What are the Court of Protection’s powers when the subject of proceedings dies?
Readers might remember that Mr Fitzgerald, a very persistent maker of Court of Protection applications, reappeared a few weeks ago when his latest application was dismissed as without merit. The last instalment can be found here
It seems that Sir James Munby had not heard the last of the tireless Mr Fitzgerald after all. Mr Fitzgerald made one more application just before Sir James Munby’s retirement.
In this application, Mr Fitzgerald asks for the recent judgement in his Aunt’s case (see blog post here) to be withdrawn because ‘ It is not given in any recognised court or jurisdiction; (2) It misrepresents the evidence presented in Application; (3) It displays transparent bias and injudicious prejudice.” ‘
The Judge commented:
‘I do not propose to take up time dealing with grounds (2) and (3). As readers of all my previous judgments will appreciate, these are merely the latest of many attempts by Mr Fitzgerald to rubbish any judgment by any judge with whom he chooses to disagree.’
Mr Fitzgerald was, he said, ‘unable or unwilling’ to understand the difference between the matter being transferred out of the Court of Protection (which it had not been) and the case simply being heard ion a different location by a Court of Protection judge.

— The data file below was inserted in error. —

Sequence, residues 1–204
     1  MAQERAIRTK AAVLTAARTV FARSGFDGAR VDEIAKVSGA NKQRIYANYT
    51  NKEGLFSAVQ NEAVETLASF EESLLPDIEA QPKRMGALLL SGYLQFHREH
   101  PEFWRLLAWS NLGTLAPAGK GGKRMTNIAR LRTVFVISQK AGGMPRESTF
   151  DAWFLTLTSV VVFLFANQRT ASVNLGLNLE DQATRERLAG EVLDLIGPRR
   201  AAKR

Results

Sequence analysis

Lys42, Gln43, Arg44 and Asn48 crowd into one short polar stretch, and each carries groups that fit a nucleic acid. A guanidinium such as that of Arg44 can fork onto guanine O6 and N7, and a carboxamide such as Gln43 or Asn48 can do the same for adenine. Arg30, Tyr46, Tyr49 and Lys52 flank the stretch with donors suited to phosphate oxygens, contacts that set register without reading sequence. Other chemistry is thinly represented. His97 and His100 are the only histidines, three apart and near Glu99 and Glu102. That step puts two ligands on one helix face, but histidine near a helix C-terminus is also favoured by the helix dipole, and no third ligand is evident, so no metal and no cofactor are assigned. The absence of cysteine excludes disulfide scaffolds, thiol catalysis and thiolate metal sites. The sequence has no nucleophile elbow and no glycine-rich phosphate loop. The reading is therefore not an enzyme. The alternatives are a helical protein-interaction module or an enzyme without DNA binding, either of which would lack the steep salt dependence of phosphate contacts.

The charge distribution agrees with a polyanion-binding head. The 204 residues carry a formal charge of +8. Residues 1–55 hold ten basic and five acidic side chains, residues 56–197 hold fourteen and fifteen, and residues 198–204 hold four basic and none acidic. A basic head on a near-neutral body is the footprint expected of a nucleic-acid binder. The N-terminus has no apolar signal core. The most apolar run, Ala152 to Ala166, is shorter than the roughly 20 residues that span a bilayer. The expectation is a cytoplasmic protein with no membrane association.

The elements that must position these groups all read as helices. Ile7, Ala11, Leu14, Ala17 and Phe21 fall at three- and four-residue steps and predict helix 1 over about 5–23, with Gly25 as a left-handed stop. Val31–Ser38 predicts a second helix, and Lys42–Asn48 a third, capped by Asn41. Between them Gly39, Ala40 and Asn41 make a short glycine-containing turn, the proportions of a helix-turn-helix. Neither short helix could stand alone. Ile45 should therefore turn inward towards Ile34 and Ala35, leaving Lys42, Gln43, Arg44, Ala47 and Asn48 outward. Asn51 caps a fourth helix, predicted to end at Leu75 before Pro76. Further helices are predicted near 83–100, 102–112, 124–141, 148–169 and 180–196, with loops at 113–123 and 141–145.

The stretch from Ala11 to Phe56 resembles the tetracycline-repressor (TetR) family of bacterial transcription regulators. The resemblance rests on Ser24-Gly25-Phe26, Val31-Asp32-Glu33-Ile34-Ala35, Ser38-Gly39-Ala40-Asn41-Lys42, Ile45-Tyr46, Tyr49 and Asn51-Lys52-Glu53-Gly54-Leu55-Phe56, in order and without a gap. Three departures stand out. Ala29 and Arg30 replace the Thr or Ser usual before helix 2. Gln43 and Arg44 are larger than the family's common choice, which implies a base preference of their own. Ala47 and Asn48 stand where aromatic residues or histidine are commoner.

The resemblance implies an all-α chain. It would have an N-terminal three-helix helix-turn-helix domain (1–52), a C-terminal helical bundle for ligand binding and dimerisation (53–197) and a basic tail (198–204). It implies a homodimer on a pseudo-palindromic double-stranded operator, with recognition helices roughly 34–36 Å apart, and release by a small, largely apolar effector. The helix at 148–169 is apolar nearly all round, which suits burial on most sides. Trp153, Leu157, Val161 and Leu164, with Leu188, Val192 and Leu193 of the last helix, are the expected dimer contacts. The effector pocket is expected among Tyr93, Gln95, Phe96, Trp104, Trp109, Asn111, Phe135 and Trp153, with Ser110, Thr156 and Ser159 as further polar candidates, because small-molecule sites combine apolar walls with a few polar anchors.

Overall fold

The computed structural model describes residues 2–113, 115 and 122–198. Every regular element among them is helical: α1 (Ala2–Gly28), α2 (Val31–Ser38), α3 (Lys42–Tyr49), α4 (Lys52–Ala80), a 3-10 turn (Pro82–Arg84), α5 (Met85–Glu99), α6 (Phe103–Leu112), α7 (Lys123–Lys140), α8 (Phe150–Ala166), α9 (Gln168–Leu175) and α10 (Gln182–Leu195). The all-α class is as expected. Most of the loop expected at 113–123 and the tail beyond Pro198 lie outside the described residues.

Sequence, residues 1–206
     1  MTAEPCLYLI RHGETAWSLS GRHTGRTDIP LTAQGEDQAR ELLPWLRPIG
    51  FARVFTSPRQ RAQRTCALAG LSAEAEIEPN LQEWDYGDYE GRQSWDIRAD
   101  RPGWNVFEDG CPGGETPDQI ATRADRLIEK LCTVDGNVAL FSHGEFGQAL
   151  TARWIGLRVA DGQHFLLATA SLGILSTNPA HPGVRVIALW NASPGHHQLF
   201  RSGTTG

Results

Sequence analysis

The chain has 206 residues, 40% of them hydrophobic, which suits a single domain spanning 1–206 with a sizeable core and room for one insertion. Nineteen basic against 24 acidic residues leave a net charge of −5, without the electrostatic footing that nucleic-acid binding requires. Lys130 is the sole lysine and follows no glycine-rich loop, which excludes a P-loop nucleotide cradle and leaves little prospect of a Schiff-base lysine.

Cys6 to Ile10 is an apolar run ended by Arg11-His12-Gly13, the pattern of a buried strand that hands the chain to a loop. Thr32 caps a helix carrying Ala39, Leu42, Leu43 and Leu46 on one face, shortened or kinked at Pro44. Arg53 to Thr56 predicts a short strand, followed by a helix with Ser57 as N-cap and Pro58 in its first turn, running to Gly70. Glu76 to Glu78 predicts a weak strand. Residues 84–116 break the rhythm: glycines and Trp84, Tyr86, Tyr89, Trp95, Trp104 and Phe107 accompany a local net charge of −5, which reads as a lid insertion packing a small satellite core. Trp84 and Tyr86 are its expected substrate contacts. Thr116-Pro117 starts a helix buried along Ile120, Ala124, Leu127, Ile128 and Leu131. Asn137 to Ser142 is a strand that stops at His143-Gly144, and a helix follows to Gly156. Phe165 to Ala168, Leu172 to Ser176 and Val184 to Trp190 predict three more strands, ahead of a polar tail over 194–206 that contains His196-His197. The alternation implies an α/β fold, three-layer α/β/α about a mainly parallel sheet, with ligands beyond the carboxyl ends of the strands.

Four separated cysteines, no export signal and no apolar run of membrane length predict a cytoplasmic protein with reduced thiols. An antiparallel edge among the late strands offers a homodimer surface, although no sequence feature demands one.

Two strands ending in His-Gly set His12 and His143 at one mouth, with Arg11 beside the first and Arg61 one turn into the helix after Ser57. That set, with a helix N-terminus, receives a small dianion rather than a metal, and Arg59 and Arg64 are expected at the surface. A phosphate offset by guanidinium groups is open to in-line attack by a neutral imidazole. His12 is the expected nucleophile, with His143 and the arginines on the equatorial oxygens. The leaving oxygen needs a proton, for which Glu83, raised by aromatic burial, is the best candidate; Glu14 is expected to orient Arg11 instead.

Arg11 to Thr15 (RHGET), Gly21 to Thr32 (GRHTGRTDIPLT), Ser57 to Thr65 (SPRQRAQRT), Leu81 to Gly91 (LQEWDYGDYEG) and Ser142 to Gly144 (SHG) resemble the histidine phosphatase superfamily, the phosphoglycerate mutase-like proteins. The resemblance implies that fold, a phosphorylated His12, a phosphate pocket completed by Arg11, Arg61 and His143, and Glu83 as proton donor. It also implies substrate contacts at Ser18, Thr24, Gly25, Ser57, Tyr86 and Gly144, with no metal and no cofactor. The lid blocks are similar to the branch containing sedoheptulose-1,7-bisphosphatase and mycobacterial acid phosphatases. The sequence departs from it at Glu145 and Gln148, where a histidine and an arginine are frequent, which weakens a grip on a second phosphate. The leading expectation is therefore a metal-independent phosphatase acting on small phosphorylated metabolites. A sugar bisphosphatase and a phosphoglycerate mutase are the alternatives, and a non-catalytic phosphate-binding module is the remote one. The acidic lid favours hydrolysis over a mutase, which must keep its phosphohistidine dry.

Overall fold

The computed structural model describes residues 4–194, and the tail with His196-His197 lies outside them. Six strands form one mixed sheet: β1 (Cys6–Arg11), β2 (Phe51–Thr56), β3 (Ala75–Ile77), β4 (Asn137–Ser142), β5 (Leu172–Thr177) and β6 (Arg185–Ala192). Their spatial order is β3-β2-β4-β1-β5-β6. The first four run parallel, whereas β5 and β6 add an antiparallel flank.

Helpfully for practitioners, Mr Justice Munby sets out the Court of Protection’s powers when the subject of proceedings dies. The position is:
‘Although the Court of Protection lacks jurisdiction to make substantive orders, whether health and welfare orders or property and affairs orders, after P has died, this does not mean it lacks jurisdiction where it is necessary to exercise jurisdiction to ‘tie up any loose ends’ – which is what I was doing here and, moreover at Mr Fitzgerald’s express invitation. ‘
Unsurprisingly, Sir James Munby was not impressed with this latest application. His summary says it all”
‘Mr Fitzgerald’s latest application is totally without merit. It is a time-wasting abuse of the process, which I accordingly strike out. If Mr Fitzgerald continues to display such forensic incontinence, he may find himself again subject to an extended civil restraint order.’
Firstly we wish Sir James Munby a long and happy retirement.
The clarification of the Court of Protection’s role is very helpful for practitioners. Many people still seem to be under the impression that post death the Court of Protection must down tools. That is not the case, at least as far as finishing off the procedural aspects. Indeed, readers might remember that in the case of Gladys Meek, the Court of Protection made a point of deciding post Gladys’s death whether or not the identities of the ‘handbags and gladrags’ deputies who bought themselves cars, computers, handbags and other luxuries with their aunt’s money, could be revealed. (see blog post here) Senior Judge Lush decided that yes, they could, and so the wrongdoers were named and shamed.
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